Wednesday, September 28, 2011

Cell phones and developing countries

For some time now I have been interested in how cell phones can be used to share health care resources and information with health professionals in developing countries, especially midwives. It has been my personal observation that cell phones are ubiquitous, even in countries like Pakistan. And my view has been that they are a wonderful way to opening up communication with people who would otherwise be cut off from professional communities in the Western World.

In my role as convener of the Virtual International Day of the Midwife I have been keen to turn the recordings of the sessions into files that can be downloaded onto cell phones. I have made the assumption that this would be a more effective way to targeting midwives in developing countries than via the Internet.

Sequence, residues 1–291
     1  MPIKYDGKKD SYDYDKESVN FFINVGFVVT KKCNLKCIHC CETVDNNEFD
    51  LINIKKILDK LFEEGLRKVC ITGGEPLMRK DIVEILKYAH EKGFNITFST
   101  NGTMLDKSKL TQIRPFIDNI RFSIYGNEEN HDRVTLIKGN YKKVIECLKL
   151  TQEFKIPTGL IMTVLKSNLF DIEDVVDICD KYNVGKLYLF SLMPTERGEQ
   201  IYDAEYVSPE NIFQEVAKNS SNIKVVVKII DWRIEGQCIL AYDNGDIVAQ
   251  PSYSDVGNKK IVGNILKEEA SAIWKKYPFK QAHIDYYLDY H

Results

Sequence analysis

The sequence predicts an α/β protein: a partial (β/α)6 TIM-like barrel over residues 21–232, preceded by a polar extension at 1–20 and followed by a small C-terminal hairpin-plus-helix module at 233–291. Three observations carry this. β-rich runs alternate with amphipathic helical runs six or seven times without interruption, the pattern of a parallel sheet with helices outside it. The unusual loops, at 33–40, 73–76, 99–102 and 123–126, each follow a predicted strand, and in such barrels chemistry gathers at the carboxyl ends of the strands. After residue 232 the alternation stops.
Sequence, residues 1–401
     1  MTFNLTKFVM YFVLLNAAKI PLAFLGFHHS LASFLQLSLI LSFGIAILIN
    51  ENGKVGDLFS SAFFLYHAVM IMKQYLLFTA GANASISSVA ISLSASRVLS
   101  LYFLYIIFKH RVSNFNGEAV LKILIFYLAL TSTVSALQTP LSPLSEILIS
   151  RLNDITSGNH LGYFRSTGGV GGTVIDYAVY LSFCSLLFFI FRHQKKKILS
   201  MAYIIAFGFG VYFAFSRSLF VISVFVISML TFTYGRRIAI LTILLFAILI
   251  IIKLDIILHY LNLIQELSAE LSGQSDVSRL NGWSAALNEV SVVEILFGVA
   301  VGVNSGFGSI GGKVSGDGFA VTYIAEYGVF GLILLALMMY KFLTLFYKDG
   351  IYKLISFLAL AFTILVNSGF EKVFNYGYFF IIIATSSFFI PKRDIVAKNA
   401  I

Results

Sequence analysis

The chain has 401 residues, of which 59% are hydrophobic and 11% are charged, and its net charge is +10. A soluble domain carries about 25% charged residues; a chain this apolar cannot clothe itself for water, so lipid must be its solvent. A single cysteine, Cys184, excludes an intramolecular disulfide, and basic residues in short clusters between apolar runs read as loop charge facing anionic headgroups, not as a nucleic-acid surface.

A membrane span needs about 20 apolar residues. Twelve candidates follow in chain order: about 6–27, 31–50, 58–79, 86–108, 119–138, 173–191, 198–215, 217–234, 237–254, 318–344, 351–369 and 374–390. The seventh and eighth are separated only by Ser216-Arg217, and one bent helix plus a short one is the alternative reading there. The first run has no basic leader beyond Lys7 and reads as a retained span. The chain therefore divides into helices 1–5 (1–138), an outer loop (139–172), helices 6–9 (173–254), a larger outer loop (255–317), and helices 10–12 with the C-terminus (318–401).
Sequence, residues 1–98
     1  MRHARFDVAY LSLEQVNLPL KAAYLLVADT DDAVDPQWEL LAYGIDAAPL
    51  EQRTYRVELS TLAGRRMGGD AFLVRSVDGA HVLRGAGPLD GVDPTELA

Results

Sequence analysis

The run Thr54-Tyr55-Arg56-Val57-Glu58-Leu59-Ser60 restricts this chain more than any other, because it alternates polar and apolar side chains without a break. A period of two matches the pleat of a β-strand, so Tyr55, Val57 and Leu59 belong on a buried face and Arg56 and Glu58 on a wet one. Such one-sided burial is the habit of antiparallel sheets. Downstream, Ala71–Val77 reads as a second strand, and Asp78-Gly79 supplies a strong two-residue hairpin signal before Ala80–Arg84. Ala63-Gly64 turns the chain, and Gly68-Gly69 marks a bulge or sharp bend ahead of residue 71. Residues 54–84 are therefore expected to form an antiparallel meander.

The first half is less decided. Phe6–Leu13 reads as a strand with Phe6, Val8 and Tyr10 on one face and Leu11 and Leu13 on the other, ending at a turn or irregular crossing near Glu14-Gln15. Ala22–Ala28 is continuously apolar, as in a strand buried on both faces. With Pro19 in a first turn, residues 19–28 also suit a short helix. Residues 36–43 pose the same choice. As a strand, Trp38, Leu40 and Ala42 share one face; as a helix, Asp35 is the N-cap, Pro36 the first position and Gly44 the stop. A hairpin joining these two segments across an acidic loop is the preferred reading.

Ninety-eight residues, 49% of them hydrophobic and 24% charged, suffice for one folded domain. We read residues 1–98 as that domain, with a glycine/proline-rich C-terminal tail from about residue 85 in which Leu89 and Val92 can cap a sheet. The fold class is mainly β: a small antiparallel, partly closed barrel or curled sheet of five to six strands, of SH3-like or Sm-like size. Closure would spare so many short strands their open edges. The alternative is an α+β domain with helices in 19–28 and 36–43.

But my recent trip to Vanuatu has shown a different side to cell phones.

Every where I went there were signs advertising Digicel cell phones - every few feet is a booth selling cell phone re-charge vouchers. What I was told has happened is up to recently Vanautu was a barter economy. I bartered one cabbage with you for half a dozen coconuts. No one was rich, but no one starved. Now everyone wants a cell phone. Young people are often given free cell phones, which is just fine until they need to be topped up. And to do need money. So now the economy has changed and young people especially are looking at ways to make money which is difficult in this very poor country. And needless to say, one way of making money is by turning to crime.

I am not saying that cell phones are to blame for Vanuatu's crime. But in my naivety, I hadn't thought of the issues that cell phones bring and their wider impact on society.

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